dt K1 L K2 D .................................. (47)

Integrating Equation (48) yields the classical Streeter-Phelps


K1 La -K1t -K2t -K2t
D K La (e- t e ) + Da eK2 ............ (48)
where Da is the initial dissolved oxygen deficit in milligrams per

liter. The dissolved oxygen sag curve, aS predicted by Equation (48),

is shown in Figure 10 The curve shown is typical of the oxygen

profile below waste discharges. The accuracy with which the Streeter-

Phelps Equation predicts the sag curve depends upon many factors; among

them are: the selected. deoxygenation coefficient, KI; the variation

of the reoxygenation coefficient, K9; other sources of deoxygenation

such as phytoplankton respiration and benthol demand; and oxygen

production from photosynthesis.

Variation of K1 and K9

Streeter and Phelps determined that the deo:-:ygenation coefficient

was 0.23 days1- in their study. However, the coefficient varies from

0 U

I- IaJ
S I-

1/5W u! N39),XO 03A10SSIG

river to river and for different wastes, and estimates have ranged
from 0.1 to 0.7 days Because of the variation in K1 and K2,

Churchill and Buckingham47 used linear regression to develop a pre-

dictive equation for dissolved oxygen. They felt that the results

of using K1 and K2 as constants for predicting dissolved oxygen under

varying conditions were highly questionable. Kothandaraman48 studied

K1 values calculated from data on the Ohio River and found them to be

indistinguishable from a random sample. He also found the K1 values

to vary randomly according to Gaussian probability with a mean of

0.173 day-1 and a standard deviation of 0.066 day-1

Variation in the reaeration constant has been found in several

investigations. 33, 49, 50 In each study, empirical expressions were

derived to predict K2 as a function of stream velocity and depth.

Langbein and Durum46 developed Equation (46) to predict K, over a

wide range of data collected in the field and laboratory. They

presented a graphical representation of the data points which showed

considerable scatter of the points about Equation (46). Kothandaraman8

examined data reported by the TVA33 and performed a regression analysis

to obtain an empirical equation for K2 of the form:

K2 = 5.827 v'924
2 = 5.327 .* 924 .............................. (49)

He found that percentage variation about Equation (49) was normally

distributed with a mean of zero and a standard deviation of 0.368.

In view of Kothandaraman's findings about the random behavior of

K1 and K2 it is easier to understand the discrepancy between predicted

and observed deficits. If K1 and K2 can be represented by a random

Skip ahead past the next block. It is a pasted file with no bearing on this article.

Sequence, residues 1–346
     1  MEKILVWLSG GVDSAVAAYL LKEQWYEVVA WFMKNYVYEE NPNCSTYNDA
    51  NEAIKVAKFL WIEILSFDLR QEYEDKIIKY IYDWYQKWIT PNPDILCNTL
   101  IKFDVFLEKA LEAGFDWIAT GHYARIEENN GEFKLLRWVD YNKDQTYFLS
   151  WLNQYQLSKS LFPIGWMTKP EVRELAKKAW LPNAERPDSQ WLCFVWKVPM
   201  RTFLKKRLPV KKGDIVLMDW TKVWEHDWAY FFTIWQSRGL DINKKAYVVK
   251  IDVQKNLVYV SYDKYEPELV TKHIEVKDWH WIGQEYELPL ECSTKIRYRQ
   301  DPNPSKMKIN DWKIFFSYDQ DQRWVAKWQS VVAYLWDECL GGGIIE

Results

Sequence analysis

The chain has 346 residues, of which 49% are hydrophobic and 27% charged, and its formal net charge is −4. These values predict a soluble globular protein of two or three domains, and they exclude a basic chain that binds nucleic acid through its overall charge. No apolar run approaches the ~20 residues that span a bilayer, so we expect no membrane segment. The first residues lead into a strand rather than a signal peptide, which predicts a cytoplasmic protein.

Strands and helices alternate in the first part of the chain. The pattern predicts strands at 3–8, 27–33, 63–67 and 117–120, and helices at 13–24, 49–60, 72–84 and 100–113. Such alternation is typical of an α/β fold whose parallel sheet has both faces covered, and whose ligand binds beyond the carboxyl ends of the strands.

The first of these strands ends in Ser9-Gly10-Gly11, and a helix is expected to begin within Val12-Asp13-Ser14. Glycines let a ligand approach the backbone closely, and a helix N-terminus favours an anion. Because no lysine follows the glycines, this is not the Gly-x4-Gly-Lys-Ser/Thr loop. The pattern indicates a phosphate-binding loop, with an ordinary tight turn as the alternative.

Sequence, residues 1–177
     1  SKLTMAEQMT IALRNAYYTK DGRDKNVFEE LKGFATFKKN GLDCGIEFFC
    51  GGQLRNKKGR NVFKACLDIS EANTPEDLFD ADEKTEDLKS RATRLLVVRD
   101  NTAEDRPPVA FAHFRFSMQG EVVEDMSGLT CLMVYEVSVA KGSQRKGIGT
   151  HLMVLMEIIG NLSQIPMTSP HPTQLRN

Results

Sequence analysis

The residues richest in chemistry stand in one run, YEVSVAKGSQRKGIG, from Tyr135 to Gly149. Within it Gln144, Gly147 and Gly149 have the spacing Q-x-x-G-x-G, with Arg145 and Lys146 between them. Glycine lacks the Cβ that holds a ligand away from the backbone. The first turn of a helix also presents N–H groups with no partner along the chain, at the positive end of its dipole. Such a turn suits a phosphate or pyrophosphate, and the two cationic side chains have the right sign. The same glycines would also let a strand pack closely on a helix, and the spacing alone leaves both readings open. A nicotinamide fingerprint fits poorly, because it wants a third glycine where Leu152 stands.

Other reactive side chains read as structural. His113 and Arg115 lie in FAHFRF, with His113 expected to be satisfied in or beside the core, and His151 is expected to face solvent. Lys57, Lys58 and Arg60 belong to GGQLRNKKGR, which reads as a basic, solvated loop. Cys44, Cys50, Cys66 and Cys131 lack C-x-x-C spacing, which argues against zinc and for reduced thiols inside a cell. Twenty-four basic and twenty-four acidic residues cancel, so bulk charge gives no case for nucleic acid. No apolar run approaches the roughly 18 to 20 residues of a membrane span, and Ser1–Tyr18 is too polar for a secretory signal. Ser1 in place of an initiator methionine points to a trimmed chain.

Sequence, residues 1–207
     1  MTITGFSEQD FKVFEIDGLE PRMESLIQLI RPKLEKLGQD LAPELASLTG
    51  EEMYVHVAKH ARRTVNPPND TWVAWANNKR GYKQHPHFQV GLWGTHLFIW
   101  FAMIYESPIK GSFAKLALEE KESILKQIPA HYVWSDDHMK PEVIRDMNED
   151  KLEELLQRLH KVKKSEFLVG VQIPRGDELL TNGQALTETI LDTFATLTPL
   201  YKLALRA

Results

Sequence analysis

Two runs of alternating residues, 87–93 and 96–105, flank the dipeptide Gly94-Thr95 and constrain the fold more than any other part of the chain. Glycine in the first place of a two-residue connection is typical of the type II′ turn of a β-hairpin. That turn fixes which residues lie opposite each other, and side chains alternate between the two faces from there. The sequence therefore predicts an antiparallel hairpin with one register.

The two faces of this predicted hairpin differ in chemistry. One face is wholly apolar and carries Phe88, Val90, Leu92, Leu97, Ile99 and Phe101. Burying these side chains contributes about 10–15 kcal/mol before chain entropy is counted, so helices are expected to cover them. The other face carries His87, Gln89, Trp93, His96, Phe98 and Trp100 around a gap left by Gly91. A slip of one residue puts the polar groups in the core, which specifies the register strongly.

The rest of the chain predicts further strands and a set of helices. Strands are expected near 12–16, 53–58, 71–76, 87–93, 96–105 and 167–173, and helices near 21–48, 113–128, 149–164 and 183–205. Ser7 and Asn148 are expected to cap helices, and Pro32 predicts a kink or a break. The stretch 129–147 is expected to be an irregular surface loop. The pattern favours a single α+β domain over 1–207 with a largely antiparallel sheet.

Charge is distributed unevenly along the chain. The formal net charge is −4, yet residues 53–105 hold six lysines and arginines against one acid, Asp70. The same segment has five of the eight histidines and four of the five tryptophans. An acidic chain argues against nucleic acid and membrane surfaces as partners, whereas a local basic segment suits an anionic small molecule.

function, the deficit in Equation (49) is a function of random

variables and has a probability distribution of its own. In this

study, the dissolved oxygen deficit will be assumed to be a function

of random components and thus will have a mean and standard deviation.

This will permit a probabilistic expression for the effect of the waste

load--for example, 100,000 lb BOD/day may cause a violation 5% of the

time. This means that if the same stream flow and waste loads were

combined on one hundred occasions, one would expect a violation of the

stream standard on five occasions.

Additional Sources and Sinks of Dissolved Oxygen

Other investigators have attempted to add additional sources and

sinks of dissolved oxygen to the Streeter-Phelps Equation. Modifications

are warranted in situations where these additional sources and sinks play

significant roles in the stream's dissolved oxygen balance. Thomas5

presented a technique for stream analysis in which he added a rate

constant K3 to Equation (42) to represent the removal of organic material

by sedimentation. This was the first modification to the Streeter-Phelps

Equation. Other investigators have added parameters such as Kb to account

for organic addition from runoff and scour, Db for benthol demand, R for

oxygen consumption by respiration of aquatic biota, and P for oxygen

produced by photosynthesis. When these parameters are included in

Equations (43) and (48), the result is a cumbersome equation for

dissolved oxygen deficit and organic removal:

d = (K1 + K L + K .......................... (50)

dt = iL K2D P + Db + ....................... (51)

An extensive data survey is necessary to estimate the values of

the parameters. It is often hard to obtain data from which reliable

estimates of the parameter can be made. For example, Camp52 found it

necessary to assume K3 = 0.1 in order to estimate K1 from the collected

data in a stream study. In his analysis, Camp found Db co range from

0.5 to 1.0 mg/l/day; (P-R), 0.55 to 2.9 mg/l/day; and K3, 0.07 to

0.11 day-1.

In many instances, one cannot neglect the terms represented in

the modification to the Streeter-Phelps, but, on the other hand, to

try to determine the relative contribution from each term requires

extensive data collection. Also, the variance in K1 and K2 must be

taken into account when determining the other parameters. Because

of the difficulty in estimating the parameters, Moreau and Pyatt53

suggested lumping the added parameters to the Streeter-Phelps

Equation into a composite term. These terms could be determined

from field data by subtracting the contributions of Kl and K2 in the

oxygen balance of the stream. Moreau and Pyatt represent the term in

the organic load by r in Equation (42) and in the deficit equation by

dt = -K L + r ................................. (52)

dt = KIL-K2 D s ................................ (53)
The signs of r and s terms are important. In Equation (52), r is

positive, which represents added organic loading, and in Equation (53),

s is positive, representing a dissolved oxygen sink. The combination

of these positive terms, therefore, causes the predicted dissolved

oxygen sag curve to be a conservative estimate. Equation (52) and (53)